3. Read what you’ve written out loud.
I started by writing “Love” on the board in great big letters. I asked the class to list all the words they could think of that meant love. The seventeen of them generated dozens of words, such as like, affection, caring, respect, admiration, etc. One joker in the back said “sex”. We filled up the board as quickly as I could write. They were quite proud of themselves. Look at all those words!
Little did they know that they had dug a deep hole for themselves.
“Now,” I said, “write about something or someone you love… without using any of the words that are on the board.”
After a few long seconds, the guy who’d called out “sex” earlier said, “I don’t get it.”
Meanwhile, the others fell into writing.
A few nights ago, the students in my night class did this exercise. Many of them are fifteen or more years away from their last English class. Only one or two had even a vague idea when we started of what I meant by “Show, Don’t Tell.” One of the women wrote about her favorite flavors of ice cream in such a way that one of the men actually blushed. Her classmates were fanning themselves by the time she got to the part about stirring the rich chocolate and creamy vanilla together in her bowl.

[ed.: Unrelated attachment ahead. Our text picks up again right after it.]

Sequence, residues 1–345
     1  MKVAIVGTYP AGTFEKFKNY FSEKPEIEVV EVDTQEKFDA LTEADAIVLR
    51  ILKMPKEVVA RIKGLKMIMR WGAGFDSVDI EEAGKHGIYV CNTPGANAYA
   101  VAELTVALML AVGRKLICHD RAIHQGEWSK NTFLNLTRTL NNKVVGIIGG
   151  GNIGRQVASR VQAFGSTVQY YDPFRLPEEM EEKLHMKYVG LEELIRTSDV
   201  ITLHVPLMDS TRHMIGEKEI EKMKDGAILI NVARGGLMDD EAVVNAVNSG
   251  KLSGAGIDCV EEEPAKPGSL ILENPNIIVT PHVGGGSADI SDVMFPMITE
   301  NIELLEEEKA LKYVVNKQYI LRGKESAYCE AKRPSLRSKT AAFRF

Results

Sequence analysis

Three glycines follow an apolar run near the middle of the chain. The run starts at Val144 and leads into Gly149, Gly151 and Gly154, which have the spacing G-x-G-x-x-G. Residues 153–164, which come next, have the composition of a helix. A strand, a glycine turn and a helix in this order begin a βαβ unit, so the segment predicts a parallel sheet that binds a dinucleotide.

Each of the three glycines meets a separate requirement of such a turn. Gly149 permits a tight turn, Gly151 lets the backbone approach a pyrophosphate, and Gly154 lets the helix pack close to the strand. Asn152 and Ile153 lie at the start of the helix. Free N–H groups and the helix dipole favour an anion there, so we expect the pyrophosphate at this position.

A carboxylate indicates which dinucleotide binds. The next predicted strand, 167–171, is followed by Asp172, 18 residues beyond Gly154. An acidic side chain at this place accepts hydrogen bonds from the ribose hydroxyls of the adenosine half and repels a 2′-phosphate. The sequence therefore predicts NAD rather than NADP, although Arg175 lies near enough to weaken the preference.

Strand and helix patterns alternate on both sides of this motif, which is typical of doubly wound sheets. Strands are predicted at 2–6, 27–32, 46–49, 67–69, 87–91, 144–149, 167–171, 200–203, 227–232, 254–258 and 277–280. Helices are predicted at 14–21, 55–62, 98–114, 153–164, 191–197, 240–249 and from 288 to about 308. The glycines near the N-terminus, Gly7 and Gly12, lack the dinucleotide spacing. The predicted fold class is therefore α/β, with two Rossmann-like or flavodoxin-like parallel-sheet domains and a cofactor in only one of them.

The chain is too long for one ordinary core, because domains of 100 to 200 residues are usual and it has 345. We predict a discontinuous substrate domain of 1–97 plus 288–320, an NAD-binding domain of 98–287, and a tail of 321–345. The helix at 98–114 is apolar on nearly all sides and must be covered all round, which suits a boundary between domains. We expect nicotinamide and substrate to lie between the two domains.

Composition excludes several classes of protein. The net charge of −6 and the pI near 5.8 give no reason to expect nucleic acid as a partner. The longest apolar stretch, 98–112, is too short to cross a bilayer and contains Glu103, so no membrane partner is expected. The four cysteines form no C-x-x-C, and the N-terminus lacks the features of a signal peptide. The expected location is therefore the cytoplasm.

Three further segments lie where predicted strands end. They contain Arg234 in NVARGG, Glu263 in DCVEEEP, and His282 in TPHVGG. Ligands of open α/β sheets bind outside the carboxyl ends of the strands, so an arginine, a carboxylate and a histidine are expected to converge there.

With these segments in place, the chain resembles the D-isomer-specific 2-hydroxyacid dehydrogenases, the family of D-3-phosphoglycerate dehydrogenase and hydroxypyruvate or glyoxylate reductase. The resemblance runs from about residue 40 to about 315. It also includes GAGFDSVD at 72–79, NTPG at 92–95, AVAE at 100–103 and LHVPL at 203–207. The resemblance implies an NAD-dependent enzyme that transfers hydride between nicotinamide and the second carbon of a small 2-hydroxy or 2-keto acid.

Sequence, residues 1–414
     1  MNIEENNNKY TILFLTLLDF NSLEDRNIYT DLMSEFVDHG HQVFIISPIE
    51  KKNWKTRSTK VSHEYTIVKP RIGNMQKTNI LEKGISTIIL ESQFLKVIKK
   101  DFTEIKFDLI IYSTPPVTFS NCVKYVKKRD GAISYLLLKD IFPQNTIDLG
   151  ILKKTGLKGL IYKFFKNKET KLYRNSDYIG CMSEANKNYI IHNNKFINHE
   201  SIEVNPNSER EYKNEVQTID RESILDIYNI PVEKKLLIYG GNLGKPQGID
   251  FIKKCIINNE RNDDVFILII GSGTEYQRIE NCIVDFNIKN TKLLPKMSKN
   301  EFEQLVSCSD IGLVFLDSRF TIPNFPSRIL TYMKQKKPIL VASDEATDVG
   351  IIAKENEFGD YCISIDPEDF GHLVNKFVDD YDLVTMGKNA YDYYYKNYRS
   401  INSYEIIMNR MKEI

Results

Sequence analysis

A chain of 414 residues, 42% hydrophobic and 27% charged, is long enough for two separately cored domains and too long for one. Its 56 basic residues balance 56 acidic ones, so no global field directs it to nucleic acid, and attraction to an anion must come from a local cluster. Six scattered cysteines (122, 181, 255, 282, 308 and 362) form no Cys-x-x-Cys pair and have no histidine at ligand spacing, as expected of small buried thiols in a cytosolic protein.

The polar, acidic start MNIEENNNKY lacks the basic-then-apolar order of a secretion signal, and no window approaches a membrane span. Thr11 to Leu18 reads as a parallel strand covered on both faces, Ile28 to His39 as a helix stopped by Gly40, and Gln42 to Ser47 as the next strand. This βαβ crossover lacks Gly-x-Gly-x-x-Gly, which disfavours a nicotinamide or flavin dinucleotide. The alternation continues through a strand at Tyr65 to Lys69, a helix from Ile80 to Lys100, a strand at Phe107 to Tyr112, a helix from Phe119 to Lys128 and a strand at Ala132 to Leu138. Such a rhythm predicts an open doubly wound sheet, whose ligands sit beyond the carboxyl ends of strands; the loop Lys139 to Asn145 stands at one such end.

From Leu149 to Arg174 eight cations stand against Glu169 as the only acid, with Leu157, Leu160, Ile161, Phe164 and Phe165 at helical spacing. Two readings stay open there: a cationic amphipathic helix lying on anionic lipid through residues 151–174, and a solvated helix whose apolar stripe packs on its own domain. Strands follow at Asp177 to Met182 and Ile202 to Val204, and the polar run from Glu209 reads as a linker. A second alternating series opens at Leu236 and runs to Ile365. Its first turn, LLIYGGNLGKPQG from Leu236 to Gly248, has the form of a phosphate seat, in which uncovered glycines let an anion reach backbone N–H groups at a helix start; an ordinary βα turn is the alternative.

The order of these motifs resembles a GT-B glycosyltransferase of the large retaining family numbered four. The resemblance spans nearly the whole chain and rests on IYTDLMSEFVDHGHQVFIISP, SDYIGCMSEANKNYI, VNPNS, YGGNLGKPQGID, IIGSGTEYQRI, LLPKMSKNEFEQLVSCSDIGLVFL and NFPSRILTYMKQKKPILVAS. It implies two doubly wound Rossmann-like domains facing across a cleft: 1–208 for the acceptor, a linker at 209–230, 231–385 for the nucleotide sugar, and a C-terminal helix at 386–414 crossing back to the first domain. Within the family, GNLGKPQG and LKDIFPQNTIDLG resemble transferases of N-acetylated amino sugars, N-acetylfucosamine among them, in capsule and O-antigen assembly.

One student, who wrote about his wife who is also in the class, came to this conclusion:
1. Telling = “I love you,” he said to her.
2. Telling + Showing = He greeted her at the door with a hug and her favorite chocolate ice cream. “I love you,” he said.
3. Showing = He greeted her at the door with ice cream.
The first one (telling) doesn’t do enough to stand alone. He says he loves her. Does he mean it? What does “love” mean to him? To her? We haven’t been shown much about him or her. We hear a sort of radio silence more so than the words; there is a background drone, but no music yet.
The second one (showing + telling) tells us what he said and backs it up with actions. Good stuff.
The third (showing) is all action. We know that he gives her chocolate ice cream, but we don’t know what his action means. Does he love her? Does she like chocolate ice cream? Is she fatally allergic? Is she on a diet and he’s trying to sabotage her efforts? We have to read on, to know more. We are engaged.
In both the second and the third, we have enough information to wonder about the back-story and enough to wonder what comes next. Both crucial elements in fiction.
Will she eat the ice cream? Will she knock it out of his hands and… ravish him? Kick him where it hurts real bad? Will he massage her feet while she eats the ice cream? Will he listen to the ups-and-downs of her day without trying to fix all her problems? Or will he expect a little sugar in exchange?
“Show, Don’t Tell” is fundamental to what we do as writers. It’s been around for so long for a reason. Essayists combine the two. Fiction writers use both but skew toward showing. The pure showing of an objective point of view can be… cold and distancing. Telling isn’t all bad. But all telling is definitely dull.
Every now and then it is fun to introduce a constraint into your work and see what you get. It’s also fun to drag out old rules and take a fresh look at them with pen or pencil in hand.